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Heritage Pork

Heritage Pork is the most delicious, well-marbled red meat on the market today. The Heritage breeds of pigs have been raised on mixed-use farms for centuries. Some of the best-known heritage pigs are Berkshire, Tamworth, Duroc, and Spanish Black Iberian also referred to as Iberico. These breeds of heritage pigs have enjoyed popularity over the past years. Today, people begin to understand the dramatic difference in the quality of their meat, especially when compared with meat from factory-raised pigs.

Heritage Pork Trivia

  • Pigs can be found on every continent except Antarctica.
  • Like humans, they are omnivores, meaning they eat both plants and other animals.
  • Feral pigs that have been introduced into new areas can be a threat to the local ecosystem.
  • Relative to their body size, pigs have small lungs.
  • In some part of the world, wild boars are the primary source of food for tigers.

Heritage Pork Buying Guide

If you don’t know any butcher, the farmers’ market is the best source for heritage pork. It is important to be familiar with the cuts, and you must know what to look for on the labels. You must avoid choosing the meat that has a dark-colored bone. The meat of heritage pork should be a deep shade of red, firm to the touch, and it should not have any foul odors. If the fat on the outer edges has a yellowish tint, it means the pork is old and probably close to being spoiled. The fat should be creamy-white and be blemish-free.

Heritage Pork Production & Farming in Texas

The popularity of heritage breed pork has increased in recent years because a lot of chefs have discovered the fabulous flavor of how pork is supposed to taste. They come from genetic stock that predates industrial farming. They are raised for their meat, bacon, and lard. They were naturally thrifty, hardy enough to thrive outdoors, where they roam and forage. They can live off the land, on grass, grains, and windfalls, and occasionally whey from the churn.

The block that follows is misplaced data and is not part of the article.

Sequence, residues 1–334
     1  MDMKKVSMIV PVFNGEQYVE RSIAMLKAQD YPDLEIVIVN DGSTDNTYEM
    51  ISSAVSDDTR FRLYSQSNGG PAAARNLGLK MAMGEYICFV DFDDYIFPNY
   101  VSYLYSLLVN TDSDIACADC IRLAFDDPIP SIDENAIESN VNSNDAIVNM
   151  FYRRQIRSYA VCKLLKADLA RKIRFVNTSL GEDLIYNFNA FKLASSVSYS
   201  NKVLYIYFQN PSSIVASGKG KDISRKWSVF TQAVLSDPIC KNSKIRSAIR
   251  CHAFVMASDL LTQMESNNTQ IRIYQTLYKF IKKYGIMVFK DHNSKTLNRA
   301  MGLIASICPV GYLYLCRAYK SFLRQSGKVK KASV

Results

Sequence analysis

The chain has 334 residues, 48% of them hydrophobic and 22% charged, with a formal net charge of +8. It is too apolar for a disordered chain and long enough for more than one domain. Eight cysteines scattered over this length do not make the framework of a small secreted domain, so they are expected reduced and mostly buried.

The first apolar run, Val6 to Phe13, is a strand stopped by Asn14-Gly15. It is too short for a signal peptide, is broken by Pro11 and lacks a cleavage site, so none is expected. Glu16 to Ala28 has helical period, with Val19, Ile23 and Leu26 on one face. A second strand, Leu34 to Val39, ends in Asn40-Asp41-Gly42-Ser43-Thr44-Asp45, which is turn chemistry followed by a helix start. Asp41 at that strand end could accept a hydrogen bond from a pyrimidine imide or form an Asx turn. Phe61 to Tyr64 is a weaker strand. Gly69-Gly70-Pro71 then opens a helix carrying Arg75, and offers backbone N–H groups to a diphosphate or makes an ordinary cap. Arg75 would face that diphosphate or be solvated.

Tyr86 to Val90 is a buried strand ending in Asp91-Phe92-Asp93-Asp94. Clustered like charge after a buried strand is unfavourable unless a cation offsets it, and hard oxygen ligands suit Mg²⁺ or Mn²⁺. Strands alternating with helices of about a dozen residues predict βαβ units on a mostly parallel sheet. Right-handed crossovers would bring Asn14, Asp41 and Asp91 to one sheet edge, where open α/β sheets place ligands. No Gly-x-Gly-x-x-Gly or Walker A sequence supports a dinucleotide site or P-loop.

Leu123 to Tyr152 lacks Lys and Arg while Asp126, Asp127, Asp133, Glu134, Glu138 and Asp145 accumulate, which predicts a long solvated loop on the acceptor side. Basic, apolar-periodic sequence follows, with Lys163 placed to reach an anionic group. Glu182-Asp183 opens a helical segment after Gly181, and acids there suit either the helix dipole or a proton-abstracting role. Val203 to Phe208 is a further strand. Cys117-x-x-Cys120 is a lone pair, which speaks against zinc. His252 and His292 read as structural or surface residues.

Raising heritage pigs is not only a fantastic way to keep the lines alive. During the day, they sleep all over the place, but at night they like to have a dry, clean shelter to sleep in. They don’t need anything special for their housing, as long as they have proper ventilation and protection from the weather and predators. Slow growth and a diverse diet add flavor, and consumers and chefs are enjoying this addition to the table.


Heritage breed pigs originate hundreds of years when livestock was raised on multiple-uses, open-pasture farms. They became popular before World War II when pigs were raised outdoors on family farms. Because of the exercise they got and the fat, they needed to get through winters outdoors, resulting in pork that was perfectly adapted to their outdoor environment. Because of these lifestyles and their essential genes, heritage pigs were known for a variety of characteristics, including the delicious taste of their meat, and distinct marbling.

Enjoying Heritage Pork

Heritage pork has a more robust flavor. Bacon pigs have a high ratio of meat, that is balanced with fat for proper moisture. The meat from leaner type pigs has meat that has a distinct rich flavor and is juicy and delicious. Adequate marbling throughout the meat lessens the need for oils, butter, shortenings, and unnatural fats, which means you are eating healthier.


When refrigerating the meat, check the temperature with an appliance thermometer regularly to verify that it is maintaining the proper temperature. Place the meat on the bottom shelf to eliminate the chance of meat juices dripping down on other foods and contaminating them.

For freezing, use a moisture-proof wrap or bags and freeze fresh pork as soon as possible to maintain the best quality. Make sure the packages are marked with the name of the cut and the date it was frozen.


Low and slow is the best when cooking Heritage Pork. Since it is flavor-packed meat, time is the main ingredient. If you don’t have time for the different cuts that most chefs prepare, throw the chop on the grill with a little salt and pepper, and finish in the oven.

Due to the higher fat content, it’s hard to overcook heritage pork. You can get an extra-crusty sear on a thick-cut chop, and it will rival the best rib-eye steak you’ve ever had. For maximum tenderness, lean cuts like pork tenderloin and chops should be just slightly pink when served. For more significant, tougher cuts like pork shoulder, a low-oven-temperature, a moist-heat method such as braising and long cooking time are recommended.



  • Serving Size: 1 Serving
  • Calories: 505
  • Carbs: 0g 0%
  • Sugar: 0g 0%
  • Fiber: 0g 0%
  • Protein: 52g 104%
  • Fat: 31g 47%
  • Saturated Fat: 10g 50%
  • Trans Fat 0g 0%
  • Cholesterol 171mg 57%
  • Sodium 162mg 6%
  • Vitamin C 0%
  • Vitamin A 0%
  • Calcium 38.8mg 4%
  • Iron 0.6mg 8%
  • Potassium 690mg 19%
  • Vitamin D 22%
  • Vitamin B12 23%
  • Vitamin B6 55%
  • Magnesium 11%

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